In a Washington D.C. meeting with executives for British Petroleum, U.S. Sen. Max Baucus, D-Mont., issued his harshest rebukes yet for BP’s coalbed methane exploration proposal in the Canadian Flathead, according to a release sent from his office Monday afternoon. Baucus also called for public meetings in Kalispell to allow Montanans to weigh in on the project.
BP can expect “a knock-down, drag-out fight” and “a massive and unpleasant fight from Montana that will end badly” Baucus told BP America Chairman and President Bob Malone and BP Canada chief Randy McLeod, according to the release.
Baucus’s threats refer specifically to BP’s intent to file an exploratory permit for what it calls its “Mist Mountain” coalbed methane (CBM) extraction project in southeastern British Columbia.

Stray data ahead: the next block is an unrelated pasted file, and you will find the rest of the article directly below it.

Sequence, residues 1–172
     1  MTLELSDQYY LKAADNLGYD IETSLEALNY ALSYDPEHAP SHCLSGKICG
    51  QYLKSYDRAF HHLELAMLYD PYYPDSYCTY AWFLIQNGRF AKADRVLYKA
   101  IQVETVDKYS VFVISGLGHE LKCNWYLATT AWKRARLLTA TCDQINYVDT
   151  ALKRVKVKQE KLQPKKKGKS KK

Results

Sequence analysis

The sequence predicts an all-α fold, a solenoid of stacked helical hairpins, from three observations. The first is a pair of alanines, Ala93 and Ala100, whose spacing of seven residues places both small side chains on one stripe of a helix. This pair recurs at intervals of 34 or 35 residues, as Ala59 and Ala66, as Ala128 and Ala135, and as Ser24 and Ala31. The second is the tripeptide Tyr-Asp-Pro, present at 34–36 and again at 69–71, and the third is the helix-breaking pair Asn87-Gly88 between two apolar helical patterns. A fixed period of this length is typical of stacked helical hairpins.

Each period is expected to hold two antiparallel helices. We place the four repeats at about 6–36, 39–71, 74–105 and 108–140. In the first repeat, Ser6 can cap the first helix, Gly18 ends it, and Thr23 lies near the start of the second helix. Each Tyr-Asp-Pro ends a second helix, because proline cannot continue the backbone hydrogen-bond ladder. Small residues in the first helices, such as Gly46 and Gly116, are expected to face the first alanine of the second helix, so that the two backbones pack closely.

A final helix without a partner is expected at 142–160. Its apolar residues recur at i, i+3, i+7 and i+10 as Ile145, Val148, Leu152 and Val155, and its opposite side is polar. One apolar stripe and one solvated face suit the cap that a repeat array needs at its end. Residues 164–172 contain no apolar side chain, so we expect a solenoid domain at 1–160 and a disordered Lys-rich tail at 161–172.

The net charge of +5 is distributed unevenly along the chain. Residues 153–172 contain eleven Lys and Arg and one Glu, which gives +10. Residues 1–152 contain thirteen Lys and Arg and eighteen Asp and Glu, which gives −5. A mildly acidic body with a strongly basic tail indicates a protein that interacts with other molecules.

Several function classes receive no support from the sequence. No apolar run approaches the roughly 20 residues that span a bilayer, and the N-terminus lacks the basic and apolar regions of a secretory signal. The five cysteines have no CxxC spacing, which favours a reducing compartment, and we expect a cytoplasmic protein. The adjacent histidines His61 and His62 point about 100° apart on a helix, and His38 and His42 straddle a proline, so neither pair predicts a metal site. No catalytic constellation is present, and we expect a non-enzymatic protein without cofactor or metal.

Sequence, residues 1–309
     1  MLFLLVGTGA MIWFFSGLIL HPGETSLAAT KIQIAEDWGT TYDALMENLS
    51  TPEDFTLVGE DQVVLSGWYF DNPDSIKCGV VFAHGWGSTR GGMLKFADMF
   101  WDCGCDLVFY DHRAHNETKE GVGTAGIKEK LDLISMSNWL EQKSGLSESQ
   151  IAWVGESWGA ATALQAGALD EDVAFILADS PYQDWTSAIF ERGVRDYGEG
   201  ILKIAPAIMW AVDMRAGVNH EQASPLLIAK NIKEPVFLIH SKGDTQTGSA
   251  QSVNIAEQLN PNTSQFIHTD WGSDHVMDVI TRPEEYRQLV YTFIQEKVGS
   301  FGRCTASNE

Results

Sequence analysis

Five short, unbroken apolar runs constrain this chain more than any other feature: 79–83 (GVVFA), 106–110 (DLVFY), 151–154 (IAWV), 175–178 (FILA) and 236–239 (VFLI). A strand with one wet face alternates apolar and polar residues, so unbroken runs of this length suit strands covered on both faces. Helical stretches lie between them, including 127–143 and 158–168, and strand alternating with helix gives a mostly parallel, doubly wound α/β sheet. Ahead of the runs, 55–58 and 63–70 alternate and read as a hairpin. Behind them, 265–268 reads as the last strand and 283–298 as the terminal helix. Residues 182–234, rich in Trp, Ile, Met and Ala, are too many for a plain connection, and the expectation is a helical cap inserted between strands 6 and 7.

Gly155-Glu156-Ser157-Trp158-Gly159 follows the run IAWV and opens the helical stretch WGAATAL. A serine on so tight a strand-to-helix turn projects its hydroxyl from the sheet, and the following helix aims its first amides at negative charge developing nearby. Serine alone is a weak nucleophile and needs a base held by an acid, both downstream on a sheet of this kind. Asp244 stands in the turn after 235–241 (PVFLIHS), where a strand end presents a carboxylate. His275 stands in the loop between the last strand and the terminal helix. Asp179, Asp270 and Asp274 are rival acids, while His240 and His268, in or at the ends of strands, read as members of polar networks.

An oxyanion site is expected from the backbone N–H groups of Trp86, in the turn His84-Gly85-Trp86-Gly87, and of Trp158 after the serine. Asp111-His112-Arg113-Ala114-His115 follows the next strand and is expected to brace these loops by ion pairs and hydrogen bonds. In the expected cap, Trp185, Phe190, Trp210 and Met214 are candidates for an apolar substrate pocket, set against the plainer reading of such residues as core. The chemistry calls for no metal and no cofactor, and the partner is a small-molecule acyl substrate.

The site of the project sits in the headwaters of the North Fork of the Flathead River. Scientists for the University of Montana’s Flathead Lake Biological Station fear that harmful byproducts of CBM mining projects will flow downstream and degrade water quality in the Flathead River and Flathead Lake. The biggest byproduct of CBM extraction is the wastewater, located underground along the methane seams, which must be pumped out to get at the gas. The wastewater is typically high in contaminants such as barium, copper, iron, and ammonium. Because the area is so remote, trucking the wastewater out would be difficult. BP has suggested it would re-inject the wastewater back underground, but UM scientists believe the steep, rugged terrain and hydrology make re-injection almost impossible.
BP is expected to file for an exploratory permit to dig test wells in what’s called the Crowsnest Coal Field, an area that spans 190 square miles, covering much of the B.C. portions of the North Fork of the Flathead as well as the adjacent Elk River Valley, which drains into Lake Koocanusa near Libby.
Baucus is also working to stop a separate coal mining project proposed by the Cline Mining Co., in the same area and is working with U.S. Sen. Jon Tester, D-Mont. to shepherd $1.25 million through Congress to collect baseline environmental data in the area, the release said.
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